Dan Morhaim, M.D.

April 16: National Healthcare Decisions Day - Helping Yourself, Helping Others

"In this world nothing can be said to be certain, except death and taxes." – Benjamin Franklin

No doubt about it. Death is inevitable, but we are the first generation in human history that has some say about how, when, and where we die. This is done by completing free legal documents known as Advance Directives (AD), available in every state for decades. Unfortunately, only about 40% Americans overall – and about 20% in communities of color - take advantage of this tool for empowerment, control, and respect for individual values. Our culture celebrates personal autonomy and freedom; yet in this one area, we collectively abdicate that opportunity.

As an Emergency Medicine physician for over 40 years, I'm accustomed to making difficult decisions, sometimes under time pressure, especially when it comes to managing advanced illness in life-and-death situations. I want to know what my patient wants and how far I should go to save them. Too often when such a patient arrives, precious time is lost trying to find that out. I've seen frustrating and easily preventable episodes of less than optimal care given because that key information was missing. I've seen families thrown into conflict and crisis when suddenly faced with these decisions. Clinicians want to respect their patients' wishes, and we strive to do our best to communicate with patients and their families.

Consider what kind of care you'd like if you couldn't speak for yourself, and who would you want to represent you if that were to happen? These are tough questions, but ones that each of us should consider before being confronted with a medical crisis. All of this was made more compelling during the pandemic because patients were often not able to communicate, and families were not allowed at the bedside.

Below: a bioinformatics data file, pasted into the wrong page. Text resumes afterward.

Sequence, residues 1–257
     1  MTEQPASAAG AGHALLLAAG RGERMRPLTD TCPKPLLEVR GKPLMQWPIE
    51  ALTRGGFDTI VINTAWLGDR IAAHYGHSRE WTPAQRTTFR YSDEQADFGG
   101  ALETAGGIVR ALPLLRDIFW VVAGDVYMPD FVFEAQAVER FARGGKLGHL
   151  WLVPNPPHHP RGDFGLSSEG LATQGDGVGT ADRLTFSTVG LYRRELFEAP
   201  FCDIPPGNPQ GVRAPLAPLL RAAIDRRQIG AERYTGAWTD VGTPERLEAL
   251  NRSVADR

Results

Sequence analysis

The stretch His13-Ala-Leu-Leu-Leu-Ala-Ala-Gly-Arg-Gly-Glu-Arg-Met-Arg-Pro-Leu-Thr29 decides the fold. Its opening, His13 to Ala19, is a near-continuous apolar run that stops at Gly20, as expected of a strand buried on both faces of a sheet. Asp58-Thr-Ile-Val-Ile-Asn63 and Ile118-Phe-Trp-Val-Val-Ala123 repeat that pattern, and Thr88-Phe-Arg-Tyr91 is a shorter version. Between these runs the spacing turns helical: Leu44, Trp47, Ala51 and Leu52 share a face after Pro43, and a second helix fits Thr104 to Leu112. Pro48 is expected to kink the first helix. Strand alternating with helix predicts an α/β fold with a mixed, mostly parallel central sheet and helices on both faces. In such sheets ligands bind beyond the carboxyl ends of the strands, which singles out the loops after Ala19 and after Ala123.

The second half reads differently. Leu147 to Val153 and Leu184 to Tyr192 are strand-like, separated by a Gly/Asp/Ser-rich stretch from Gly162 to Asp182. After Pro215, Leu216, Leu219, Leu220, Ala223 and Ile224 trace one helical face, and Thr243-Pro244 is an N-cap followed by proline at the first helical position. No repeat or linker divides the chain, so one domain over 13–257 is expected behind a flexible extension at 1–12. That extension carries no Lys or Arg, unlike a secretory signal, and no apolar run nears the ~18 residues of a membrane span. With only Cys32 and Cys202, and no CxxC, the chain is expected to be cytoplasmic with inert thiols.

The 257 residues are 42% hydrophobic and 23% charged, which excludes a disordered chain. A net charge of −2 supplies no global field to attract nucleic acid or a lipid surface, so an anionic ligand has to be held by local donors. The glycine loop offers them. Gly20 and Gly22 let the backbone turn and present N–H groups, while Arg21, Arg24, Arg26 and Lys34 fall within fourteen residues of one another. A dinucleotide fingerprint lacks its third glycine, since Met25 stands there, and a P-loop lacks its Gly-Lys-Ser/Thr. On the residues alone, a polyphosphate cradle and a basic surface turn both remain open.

If you don't take proper action, decisions about your care could be made by a government agency, an insurance company, a hospital ethics committee, relatives you might not want in that role, clinicians who don't know you, or others who will be without your guidance and possibly driven by values that may not be your own.

April 15 is tax day, and you've likely planned for that. April 16 is "National Healthcare Decisions Day". It's there to remind us to take these steps for ourselves and our loved ones, linking death and taxes in a way that's useful.
The benefits of Advance Directives are many. Care is personalized. Values are respected. Intra-family conflicts are minimized or avoided. Clinicians know what kind of care patients want. The racial disparity will decrease. The end-of-life experience becomes more holistic, manageable, and compassionate. Health care costs are reduced (some estimate 20% of Medicare alone) the right way, by respecting our wishes and values.

Have you completed your AD? If so, please update. If not, these forms are available from a variety of sources including your state or local department of health; AARP; faith-based organizations, your doctor or hospital, and various online ones (my personal favorite is mydirectives.com), all at no cost. The forms are legal in every state, and attorneys are not required. These take a few minutes to fill out, but it's time well spent. You can update your AD anytime as your life circumstances change, and it's the most recent one that applies.

It's not just for old people. The three most famous cases in American medical-legal history on this subject were women under 30 (Karen Quinlan, Nancy Cruzan, Terry Schiavo). When my children turned 18, I gave them their own AD forms to complete, and one pointed out that she'd already considered this when she made organ donation decisions upon getting her driver's license.

We can have both the best of modern medicine and the choice of when enough is enough. If it turns out that I'm in a terrible car accident or have a heart attack, then please call the ambulance and take me to the hospital. But if I have advanced terminal cancer, long past any hope of recovery after all treatments have been tried and failed, I don't want to die in a hospital tied to tubes and machines, suffering every minute to the end, cut off from the people who care about me. When the end comes for me, I want to be at home, pain free, with my friends and family close by.

Talking about end-of-life care is a topic we collectively avoid. That's understandable. But that doesn't mean we shouldn't take advantage of the tools we are afforded today. After all, you are the one person who can complete your Advance Directive; no one can do it for you. So...do it now.
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Dan Morhaim, M.D. is a prior ER physician, state legislator, and author of Preparing for a Better End: Expert Lessons on Death and Dying for You and Your Loved Ones. 
Contact - danmorhaim@gmail.com